Humanitarian Health Action

FAQs: Japan nuclear concerns

September 2011


Public health actions

Which public health actions are most important to take?

  • Health effects can only occur if someone is exposed to radiation, thus the main protective action someone can take is to prevent exposure. Those closest to the radiation source are at greatest risk of exposure and the greater the distance away, the lower the risk.
  • In the early phase of a nuclear emergency (within the first hours/days), urgent protective actions may be implemented to prevent radiation exposure, taking into account projected doses that people may received in the short-term (e.g. within 2-7 days). These necessary actions depend on the estimated exposure (i.e., the amount of radioactivity released into the atmosphere and the prevailing meteorological conditions, such as wind and rain. Actions may include: evacuation of the area around or near the nuclear power plant; advising people to shelter in their homes, offices, other secure buildings or designated shelters to reduce exposure; and distributing and administering potassium iodide pills to reduce the risk of thyroid cancer).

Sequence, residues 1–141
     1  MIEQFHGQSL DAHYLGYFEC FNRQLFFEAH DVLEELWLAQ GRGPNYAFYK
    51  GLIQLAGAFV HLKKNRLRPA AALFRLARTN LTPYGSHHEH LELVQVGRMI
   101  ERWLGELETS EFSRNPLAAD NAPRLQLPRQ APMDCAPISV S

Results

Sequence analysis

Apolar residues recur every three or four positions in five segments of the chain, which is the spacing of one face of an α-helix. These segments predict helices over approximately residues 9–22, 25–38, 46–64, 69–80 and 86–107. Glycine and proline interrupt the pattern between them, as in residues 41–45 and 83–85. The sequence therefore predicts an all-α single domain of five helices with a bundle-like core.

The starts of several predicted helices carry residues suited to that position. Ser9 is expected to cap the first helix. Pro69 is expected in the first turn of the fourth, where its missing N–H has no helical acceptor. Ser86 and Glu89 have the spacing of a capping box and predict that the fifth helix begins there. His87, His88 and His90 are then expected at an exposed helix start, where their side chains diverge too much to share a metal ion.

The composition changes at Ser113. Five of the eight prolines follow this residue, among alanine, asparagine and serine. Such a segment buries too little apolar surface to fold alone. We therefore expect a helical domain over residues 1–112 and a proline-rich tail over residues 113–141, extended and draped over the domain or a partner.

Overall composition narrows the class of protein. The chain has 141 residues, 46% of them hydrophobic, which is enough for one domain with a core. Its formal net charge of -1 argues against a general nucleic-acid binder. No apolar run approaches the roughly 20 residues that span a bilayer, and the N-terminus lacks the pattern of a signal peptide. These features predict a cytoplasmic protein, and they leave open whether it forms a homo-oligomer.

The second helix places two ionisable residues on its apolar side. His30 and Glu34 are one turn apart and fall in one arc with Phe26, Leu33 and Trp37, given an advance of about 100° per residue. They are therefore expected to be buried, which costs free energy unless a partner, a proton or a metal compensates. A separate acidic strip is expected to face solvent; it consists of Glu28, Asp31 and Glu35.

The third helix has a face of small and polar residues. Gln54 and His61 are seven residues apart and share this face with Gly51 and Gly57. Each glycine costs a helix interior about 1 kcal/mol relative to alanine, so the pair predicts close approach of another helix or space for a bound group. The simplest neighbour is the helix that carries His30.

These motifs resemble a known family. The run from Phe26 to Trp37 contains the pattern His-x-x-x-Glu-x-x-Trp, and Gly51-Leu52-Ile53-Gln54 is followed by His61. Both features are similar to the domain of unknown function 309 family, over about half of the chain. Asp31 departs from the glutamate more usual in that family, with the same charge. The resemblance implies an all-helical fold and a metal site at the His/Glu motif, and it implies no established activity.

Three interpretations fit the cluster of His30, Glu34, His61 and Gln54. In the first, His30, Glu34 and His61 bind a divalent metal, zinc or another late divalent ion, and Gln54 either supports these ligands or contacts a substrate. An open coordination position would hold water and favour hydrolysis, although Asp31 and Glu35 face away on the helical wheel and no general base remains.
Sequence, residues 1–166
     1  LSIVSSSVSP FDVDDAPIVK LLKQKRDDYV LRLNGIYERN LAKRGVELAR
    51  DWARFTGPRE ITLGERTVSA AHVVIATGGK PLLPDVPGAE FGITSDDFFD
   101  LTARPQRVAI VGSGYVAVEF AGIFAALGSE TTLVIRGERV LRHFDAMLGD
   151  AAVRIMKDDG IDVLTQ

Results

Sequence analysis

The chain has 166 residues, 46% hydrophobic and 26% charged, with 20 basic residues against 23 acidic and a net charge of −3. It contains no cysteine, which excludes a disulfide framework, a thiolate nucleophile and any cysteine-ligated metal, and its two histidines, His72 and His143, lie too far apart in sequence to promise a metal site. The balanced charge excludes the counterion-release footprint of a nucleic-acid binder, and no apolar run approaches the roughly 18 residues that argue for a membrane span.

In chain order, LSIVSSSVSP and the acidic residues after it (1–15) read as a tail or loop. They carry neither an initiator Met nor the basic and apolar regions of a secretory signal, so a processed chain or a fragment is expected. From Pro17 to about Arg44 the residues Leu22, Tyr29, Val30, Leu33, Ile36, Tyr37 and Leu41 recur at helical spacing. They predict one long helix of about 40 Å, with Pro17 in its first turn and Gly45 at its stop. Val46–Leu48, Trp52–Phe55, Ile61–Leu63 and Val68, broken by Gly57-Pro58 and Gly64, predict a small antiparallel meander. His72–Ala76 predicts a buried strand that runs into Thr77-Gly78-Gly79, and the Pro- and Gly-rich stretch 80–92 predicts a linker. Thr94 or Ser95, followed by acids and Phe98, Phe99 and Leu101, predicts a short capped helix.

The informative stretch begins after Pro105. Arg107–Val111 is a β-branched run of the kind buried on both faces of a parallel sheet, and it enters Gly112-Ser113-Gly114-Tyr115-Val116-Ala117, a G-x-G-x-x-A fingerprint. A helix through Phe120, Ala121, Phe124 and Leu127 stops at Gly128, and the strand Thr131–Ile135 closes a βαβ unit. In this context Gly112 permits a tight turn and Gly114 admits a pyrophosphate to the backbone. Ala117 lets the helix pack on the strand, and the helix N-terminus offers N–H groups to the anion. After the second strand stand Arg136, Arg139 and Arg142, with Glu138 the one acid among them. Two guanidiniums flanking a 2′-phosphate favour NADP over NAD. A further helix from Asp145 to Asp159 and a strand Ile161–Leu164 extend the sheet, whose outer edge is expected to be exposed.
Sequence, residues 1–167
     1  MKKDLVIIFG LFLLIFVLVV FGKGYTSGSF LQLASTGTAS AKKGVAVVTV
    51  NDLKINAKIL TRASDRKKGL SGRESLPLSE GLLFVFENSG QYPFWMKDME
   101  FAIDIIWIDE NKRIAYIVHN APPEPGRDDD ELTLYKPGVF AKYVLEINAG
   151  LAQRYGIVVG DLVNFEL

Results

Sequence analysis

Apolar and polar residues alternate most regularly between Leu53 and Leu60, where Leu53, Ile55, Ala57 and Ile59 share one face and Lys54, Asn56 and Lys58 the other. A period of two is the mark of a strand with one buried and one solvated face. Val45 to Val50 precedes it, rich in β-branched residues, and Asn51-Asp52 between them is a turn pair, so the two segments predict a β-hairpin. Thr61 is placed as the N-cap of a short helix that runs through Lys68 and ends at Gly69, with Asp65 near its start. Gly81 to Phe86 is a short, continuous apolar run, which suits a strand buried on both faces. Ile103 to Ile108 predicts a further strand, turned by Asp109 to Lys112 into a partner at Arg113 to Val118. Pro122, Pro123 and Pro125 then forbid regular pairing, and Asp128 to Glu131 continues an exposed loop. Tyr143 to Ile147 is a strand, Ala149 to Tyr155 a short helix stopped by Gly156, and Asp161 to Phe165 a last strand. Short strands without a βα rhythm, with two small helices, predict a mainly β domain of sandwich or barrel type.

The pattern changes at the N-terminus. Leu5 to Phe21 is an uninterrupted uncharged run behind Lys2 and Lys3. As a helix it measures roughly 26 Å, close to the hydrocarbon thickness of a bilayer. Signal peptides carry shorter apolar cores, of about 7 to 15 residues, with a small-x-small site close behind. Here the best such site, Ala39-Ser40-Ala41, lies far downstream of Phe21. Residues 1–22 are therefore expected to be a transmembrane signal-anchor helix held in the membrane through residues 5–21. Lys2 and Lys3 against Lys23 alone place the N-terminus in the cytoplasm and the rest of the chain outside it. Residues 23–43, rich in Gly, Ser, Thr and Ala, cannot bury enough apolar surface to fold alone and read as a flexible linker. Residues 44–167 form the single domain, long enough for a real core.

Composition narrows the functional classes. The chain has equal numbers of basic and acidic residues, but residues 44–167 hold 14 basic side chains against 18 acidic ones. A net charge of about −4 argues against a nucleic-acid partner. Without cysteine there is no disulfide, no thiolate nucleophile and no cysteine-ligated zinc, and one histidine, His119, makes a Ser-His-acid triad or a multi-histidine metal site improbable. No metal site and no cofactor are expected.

• When environmental and human monitoring data increases, relocation of people to temporary housing may be considered in particular areas, taking into account the radiation doses that residents may receive over the long-term (e.g. one year),.
  • If warranted, public health or national authorities may restrict or prohibit the consumption of vegetables and dairy products produced in the vicinity of the nuclear power plant in order to reduce exposure. Monitoring programs are established to inform longer term decisions on food restriction, water consumption, and the control of internationally traded foodstuffs.
  • Only competent authorities who have conducted a careful analysis of the emergency situation are in a position to recommend which of these public health measures should be undertaken.
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